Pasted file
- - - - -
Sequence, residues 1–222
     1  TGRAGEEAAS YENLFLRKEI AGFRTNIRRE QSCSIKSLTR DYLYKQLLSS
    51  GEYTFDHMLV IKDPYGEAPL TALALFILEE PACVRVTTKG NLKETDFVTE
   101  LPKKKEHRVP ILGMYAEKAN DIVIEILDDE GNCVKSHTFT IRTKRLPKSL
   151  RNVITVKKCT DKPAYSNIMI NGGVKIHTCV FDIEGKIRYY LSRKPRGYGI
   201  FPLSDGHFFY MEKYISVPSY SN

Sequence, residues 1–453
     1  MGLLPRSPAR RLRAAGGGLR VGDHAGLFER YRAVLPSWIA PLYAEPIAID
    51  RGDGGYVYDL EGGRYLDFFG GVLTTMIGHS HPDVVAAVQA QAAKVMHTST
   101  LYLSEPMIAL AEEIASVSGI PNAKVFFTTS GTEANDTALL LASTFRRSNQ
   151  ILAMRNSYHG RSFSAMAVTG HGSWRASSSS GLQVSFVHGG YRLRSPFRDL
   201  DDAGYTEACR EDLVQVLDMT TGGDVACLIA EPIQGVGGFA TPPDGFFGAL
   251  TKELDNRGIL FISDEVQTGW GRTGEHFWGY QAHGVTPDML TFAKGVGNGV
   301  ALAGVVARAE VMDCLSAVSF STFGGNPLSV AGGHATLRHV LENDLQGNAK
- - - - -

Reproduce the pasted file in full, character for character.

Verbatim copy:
Sequence, residues 1–222
     1  TGRAGEEAAS YENLFLRKEI AGFRTNIRRE QSCSIKSLTR DYLYKQLLSS
    51  GEYTFDHMLV IKDPYGEAPL TALALFILEE PACVRVTTKG NLKETDFVTE
   101  LPKKKEHRVP ILGMYAEKAN DIVIEILDDE GNCVKSHTFT IRTKRLPKSL
   151  RNVITVKKCT DKPAYSNIMI NGGVKIHTCV FDIEGKIRYY LSRKPRGYGI
   201  FPLSDGHFFY MEKYISVPSY SN

Sequence, residues 1–453
     1  MGLLPRSPAR RLRAAGGGLR VGDHAGLFER YRAVLPSWIA PLYAEPIAID
    51  RGDGGYVYDL EGGRYLDFFG GVLTTMIGHS HPDVVAAVQA QAAKVMHTST
   101  LYLSEPMIAL AEEIASVSGI PNAKVFFTTS GTEANDTALL LASTFRRSNQ
   151  ILAMRNSYHG RSFSAMAVTG HGSWRASSSS GLQVSFVHGG YRLRSPFRDL
   201  DDAGYTEACR EDLVQVLDMT TGGDVACLIA EPIQGVGGFA TPPDGFFGAL
   251  TKELDNRGIL FISDEVQTGW GRTGEHFWGY QAHGVTPDML TFAKGVGNGV
   301  ALAGVVARAE VMDCLSAVSF STFGGNPLSV AGGHATLRHV LENDLQGNAK